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The effect of different genotype cattle grazing on the nutrient content of saline grasslands vegetation
Published December 28, 2018
46-50

Maintaining saline grasslands in good condition, preserving their yield and diversity is important not only for the purpose of nature conservation, but also for farming. Therefore, the primary purpose of our study is to analyse the effect of pasture use of the smaller weight extensive and the larger weight intensive beef cattle on the grassland... vegetation and nutrient content. In this way, we can answer the question whether grazing for nature conservation can be achieved with more profitable, more economical and more intense varieties.

The tests were carried out in May 2016 and May 2017, in the Hortobágy National Park (Pap-ere and Zám puszta), where a total of 16 sample areas were analysed. These areas are grazed with extensive beef cattle (Hungarian grey) and mixed genotype of intensive cattle. The associations were selected along a moisture gradient, such as wet salt marsh (Bolboschoenetum maritimi) and drier saline meadow (Beckmannion eruciformis). All the vegetative material collected both years in May was analysed for the following parameters: dry matter, crude protein, crude fibre and life-sustaining net energy content. We compared the effects of medium grazing (0.46 livestock/ha) and abandonment on vegetation and nutrient content.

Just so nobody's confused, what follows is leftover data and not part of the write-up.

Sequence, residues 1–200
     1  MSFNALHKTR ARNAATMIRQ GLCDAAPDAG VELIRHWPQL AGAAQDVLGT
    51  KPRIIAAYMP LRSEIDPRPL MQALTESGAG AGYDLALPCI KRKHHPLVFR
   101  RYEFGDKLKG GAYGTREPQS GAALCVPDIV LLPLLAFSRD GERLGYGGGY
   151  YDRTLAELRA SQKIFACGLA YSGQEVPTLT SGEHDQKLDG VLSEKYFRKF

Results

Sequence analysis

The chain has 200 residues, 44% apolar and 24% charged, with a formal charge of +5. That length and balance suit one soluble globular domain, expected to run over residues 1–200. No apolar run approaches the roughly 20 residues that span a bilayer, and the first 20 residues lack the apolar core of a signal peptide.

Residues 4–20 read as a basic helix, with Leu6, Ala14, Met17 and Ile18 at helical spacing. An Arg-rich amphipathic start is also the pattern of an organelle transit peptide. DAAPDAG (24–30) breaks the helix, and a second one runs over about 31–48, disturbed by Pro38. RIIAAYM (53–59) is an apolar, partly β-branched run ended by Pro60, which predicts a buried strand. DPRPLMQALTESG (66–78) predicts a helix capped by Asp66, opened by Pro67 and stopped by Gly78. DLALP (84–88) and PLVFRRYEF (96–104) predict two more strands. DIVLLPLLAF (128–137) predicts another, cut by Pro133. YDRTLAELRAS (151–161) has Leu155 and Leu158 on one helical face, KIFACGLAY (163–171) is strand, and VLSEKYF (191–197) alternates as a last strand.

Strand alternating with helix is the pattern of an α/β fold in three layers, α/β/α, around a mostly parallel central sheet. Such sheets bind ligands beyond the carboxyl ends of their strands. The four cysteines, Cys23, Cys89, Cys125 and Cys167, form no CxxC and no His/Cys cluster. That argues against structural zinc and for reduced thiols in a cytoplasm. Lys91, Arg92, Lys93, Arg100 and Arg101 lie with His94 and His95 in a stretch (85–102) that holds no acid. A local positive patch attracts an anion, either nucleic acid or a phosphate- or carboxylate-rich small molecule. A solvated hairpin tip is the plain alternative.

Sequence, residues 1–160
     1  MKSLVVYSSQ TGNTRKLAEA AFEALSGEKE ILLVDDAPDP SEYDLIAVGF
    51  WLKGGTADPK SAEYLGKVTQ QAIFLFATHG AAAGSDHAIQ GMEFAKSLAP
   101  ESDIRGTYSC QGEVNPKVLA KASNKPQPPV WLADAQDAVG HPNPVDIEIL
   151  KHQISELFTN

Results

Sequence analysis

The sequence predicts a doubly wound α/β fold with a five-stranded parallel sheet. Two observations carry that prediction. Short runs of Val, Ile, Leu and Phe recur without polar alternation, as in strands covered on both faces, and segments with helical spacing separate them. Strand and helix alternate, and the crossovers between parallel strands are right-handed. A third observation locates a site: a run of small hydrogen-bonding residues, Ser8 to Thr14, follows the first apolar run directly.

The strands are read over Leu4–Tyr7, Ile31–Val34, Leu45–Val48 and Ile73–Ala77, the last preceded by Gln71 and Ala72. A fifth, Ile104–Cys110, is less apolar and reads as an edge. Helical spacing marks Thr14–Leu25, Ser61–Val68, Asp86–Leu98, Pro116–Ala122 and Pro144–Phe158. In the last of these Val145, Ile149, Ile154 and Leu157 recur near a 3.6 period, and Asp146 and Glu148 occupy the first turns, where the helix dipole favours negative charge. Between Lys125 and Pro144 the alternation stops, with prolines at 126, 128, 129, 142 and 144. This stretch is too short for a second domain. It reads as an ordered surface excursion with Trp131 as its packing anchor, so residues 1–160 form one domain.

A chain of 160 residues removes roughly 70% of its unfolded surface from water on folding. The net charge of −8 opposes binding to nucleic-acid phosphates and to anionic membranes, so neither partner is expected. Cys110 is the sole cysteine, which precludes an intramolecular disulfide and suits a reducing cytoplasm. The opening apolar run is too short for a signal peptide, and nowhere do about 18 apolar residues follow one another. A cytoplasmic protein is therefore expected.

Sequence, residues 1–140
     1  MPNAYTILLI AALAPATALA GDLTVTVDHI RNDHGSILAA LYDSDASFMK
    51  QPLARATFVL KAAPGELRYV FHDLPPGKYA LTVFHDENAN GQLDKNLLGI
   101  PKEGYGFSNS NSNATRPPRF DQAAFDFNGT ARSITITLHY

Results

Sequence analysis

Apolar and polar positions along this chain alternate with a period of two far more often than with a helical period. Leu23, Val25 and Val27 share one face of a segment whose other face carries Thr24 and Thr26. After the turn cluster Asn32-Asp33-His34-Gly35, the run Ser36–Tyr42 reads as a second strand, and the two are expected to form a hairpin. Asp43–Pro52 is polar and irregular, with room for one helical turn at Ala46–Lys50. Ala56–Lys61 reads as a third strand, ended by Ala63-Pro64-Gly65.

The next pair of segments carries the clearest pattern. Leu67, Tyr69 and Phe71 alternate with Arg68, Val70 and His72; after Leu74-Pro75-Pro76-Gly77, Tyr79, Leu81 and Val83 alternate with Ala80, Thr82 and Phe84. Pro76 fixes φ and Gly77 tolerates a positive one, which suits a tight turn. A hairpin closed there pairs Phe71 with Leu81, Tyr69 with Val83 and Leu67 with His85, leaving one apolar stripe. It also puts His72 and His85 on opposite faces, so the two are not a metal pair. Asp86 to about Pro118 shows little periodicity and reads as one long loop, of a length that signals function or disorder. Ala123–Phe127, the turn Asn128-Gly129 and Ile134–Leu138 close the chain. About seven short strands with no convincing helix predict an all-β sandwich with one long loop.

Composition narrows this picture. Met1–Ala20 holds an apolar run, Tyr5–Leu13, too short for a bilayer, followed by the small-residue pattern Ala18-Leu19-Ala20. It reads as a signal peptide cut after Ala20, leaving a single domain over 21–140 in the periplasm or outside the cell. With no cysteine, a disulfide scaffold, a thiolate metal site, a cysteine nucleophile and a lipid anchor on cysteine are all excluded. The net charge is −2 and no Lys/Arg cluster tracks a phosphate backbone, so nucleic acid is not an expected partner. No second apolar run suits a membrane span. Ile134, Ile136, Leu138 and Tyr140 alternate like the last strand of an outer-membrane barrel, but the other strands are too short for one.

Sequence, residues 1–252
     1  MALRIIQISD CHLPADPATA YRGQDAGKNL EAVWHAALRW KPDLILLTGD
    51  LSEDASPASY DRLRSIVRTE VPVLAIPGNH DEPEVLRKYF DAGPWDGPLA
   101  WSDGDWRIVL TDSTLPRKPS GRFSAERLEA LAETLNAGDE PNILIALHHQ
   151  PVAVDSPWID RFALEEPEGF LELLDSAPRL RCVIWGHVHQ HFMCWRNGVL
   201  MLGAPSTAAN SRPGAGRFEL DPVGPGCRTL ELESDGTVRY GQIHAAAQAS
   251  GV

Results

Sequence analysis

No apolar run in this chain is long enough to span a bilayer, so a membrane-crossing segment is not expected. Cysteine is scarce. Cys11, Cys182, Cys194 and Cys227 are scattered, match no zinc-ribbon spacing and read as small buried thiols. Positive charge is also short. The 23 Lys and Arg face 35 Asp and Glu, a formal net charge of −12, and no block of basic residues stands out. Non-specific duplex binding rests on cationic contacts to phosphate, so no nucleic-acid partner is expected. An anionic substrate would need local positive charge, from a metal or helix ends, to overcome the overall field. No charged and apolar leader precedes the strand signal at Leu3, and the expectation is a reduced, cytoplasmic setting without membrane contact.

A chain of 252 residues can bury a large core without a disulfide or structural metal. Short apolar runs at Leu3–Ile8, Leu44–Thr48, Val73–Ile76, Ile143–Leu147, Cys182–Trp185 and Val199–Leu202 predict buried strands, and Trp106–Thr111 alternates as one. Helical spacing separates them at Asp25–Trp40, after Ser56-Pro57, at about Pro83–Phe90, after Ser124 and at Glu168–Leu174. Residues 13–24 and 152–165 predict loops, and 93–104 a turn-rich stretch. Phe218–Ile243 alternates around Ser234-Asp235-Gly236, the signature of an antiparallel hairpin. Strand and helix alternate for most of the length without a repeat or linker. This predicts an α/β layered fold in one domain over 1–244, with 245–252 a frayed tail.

We examined the effect of (i) grazing, (ii) different grasslands (salt marsh, saline meadow) and (iii) grazing of different cattle breeds (Hungarian grey, intensive beef) on the nutrient content of the vegetation of grasslands Based on our results, it was found that grazing had an impact on crude protein and life-sustaining net energy content. The highest crude protein content (12.75 m/m%) was obtained in the year 2017 in the area where higher density had been grazed for two years. For the lifesustaining net energy, the highest value (5.05 MJ/kg d.m.) was also obtained in 2017 and the lowest in 2016. Furthermore, it was found that there was no significant difference between the effect of the two cattle breeds on the parameters examined. Significant effects were observed only in the case of life-sustaining net energy: in the area of intensive beef cattle we received a higher value (5.15 MJ/kg body weight) than in the area with extensive beef cattle (4.96 MJ/kg body weight).